Modulation of gut microbiota by chlorogenic acid pretreatment on rats with adrenocorticotropic hormone induced depression-like behavior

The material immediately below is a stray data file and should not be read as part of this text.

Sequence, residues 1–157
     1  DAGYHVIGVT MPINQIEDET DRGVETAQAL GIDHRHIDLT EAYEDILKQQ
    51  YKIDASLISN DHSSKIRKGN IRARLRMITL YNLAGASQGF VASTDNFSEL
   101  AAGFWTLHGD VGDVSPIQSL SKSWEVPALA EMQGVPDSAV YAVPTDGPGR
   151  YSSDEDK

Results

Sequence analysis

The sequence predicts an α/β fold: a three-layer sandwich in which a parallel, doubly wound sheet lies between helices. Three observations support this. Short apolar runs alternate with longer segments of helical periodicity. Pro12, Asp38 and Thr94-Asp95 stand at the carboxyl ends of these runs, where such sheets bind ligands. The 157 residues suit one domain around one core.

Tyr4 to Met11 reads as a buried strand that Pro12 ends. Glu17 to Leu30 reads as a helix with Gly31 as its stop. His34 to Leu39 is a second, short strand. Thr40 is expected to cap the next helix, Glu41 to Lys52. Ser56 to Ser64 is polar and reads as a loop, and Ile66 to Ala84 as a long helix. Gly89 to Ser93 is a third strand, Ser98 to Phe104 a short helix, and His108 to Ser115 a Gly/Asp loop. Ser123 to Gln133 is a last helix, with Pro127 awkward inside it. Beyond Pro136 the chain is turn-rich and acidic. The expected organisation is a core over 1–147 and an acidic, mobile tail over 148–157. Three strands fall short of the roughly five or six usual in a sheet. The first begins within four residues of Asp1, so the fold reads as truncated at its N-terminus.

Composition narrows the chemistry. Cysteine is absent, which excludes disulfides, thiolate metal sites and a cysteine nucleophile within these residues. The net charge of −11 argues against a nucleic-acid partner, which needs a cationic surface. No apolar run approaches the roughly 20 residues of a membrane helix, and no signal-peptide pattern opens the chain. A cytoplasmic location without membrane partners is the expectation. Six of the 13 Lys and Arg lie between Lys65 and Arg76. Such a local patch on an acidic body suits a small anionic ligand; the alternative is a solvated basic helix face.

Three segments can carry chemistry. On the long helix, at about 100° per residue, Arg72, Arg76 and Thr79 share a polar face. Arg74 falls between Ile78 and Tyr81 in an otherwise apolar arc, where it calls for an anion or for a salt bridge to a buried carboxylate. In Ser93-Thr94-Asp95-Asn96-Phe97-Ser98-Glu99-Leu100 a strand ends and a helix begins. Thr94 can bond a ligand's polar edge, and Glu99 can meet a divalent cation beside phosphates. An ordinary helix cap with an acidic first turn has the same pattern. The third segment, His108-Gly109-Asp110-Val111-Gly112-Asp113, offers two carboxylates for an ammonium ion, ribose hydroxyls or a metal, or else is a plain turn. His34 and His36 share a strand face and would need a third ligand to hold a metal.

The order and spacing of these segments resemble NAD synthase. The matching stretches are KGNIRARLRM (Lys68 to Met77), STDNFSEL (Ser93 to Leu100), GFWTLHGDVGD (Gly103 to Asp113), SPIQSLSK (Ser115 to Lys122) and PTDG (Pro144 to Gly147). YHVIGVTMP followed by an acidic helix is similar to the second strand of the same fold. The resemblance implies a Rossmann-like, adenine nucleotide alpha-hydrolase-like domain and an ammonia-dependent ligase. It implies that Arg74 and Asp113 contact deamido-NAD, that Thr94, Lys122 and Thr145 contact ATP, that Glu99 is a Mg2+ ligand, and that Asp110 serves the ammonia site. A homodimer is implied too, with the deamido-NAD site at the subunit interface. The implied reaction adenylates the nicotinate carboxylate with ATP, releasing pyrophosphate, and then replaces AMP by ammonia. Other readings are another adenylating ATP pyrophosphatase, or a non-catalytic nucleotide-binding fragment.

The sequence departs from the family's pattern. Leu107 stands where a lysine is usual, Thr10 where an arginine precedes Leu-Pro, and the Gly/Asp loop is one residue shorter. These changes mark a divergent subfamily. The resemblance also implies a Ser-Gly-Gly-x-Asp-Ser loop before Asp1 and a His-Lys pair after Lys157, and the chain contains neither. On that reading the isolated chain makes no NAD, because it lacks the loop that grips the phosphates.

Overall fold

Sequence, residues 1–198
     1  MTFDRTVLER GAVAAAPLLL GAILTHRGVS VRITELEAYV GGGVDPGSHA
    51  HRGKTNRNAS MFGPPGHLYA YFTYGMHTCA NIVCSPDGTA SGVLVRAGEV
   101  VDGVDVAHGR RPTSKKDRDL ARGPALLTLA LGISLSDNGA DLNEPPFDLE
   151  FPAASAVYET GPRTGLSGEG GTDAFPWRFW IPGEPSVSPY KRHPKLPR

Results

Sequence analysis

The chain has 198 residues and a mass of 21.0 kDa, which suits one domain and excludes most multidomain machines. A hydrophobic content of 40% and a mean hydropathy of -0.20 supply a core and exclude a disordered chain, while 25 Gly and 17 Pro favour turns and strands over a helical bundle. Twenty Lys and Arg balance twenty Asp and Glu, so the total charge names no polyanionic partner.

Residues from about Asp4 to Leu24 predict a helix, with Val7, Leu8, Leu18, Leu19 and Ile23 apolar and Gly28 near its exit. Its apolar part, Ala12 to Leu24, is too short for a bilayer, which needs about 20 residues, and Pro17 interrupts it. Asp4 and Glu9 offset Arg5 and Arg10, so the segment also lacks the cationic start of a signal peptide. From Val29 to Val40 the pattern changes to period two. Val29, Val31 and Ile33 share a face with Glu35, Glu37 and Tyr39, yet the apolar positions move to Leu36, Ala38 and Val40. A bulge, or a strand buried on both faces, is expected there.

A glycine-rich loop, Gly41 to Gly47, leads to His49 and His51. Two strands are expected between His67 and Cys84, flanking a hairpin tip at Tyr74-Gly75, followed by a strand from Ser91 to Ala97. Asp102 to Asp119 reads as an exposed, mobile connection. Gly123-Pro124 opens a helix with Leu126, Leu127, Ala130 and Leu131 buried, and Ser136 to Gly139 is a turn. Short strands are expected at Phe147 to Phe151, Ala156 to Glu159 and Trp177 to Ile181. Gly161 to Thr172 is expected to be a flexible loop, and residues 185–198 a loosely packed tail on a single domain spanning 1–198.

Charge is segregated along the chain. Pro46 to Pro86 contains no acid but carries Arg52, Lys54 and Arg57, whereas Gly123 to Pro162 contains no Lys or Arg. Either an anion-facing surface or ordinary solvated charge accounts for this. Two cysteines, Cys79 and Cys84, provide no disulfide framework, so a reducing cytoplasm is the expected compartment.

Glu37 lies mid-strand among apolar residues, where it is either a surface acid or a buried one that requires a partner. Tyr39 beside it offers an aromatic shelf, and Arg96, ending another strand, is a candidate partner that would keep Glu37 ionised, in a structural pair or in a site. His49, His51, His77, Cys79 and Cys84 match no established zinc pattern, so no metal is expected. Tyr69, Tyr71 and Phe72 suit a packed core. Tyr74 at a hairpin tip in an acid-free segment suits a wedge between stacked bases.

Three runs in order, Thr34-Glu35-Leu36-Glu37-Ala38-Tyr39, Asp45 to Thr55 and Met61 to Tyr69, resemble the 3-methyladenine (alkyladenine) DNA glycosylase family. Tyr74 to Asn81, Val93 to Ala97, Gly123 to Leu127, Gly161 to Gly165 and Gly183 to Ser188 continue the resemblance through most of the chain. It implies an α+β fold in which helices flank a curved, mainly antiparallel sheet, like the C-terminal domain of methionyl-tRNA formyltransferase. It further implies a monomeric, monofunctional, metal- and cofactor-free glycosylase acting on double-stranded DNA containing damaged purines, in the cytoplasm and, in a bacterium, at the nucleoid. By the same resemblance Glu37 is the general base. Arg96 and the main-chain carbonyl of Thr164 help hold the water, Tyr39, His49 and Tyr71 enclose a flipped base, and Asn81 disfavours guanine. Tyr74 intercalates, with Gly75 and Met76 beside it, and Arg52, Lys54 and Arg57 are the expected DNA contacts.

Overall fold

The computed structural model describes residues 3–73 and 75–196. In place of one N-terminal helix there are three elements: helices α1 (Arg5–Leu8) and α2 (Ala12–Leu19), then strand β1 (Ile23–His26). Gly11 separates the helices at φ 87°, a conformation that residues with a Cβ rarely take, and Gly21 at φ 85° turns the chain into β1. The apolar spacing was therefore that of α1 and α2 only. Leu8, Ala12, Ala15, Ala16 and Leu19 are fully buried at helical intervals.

Gut microbiota dysbiosis has been implicated as a vital element in the development or exacerbation of mental disorders, such as major depressive disorder (MDD). Based on the current interest in the gut–brain axis, we investigate the effects of chlorogenic acid (CGA) on gut microbiota in a rat model of MDD. Depression was induced by the adrenocorticotropic hormone (ACTH, 100 μg per rat) in male Wistar rats, which were intervened with using saline or CGA (500 mg kg−1). Behavioral changes and serum parameters were assessed and fecal samples were analyzed by 16S rRNA gene sequencing. Our studies demonstrated that CGA pretreatment ameliorated depression-like behavior (SPT, FST, TST, and OFT) and serum biochemical levels (5-HT, DA, IL-6, and TNF-α) in ACTH-induced depression rats. In addition, CGA ameliorated the decrease in fecal microbiota diversity in ACTH-treated rats. In particular, at the genus level, the changes in the relative abundance of some key bacteria such as Desulfovibrionales, Desulfovibrio, Klebsiella, Burkholderiales, and Bifidobacterium were modulated by CGA pretreatment. These results indicated that CGA could modify the gut microbial community structure, which may contribute to its antidepressant effects.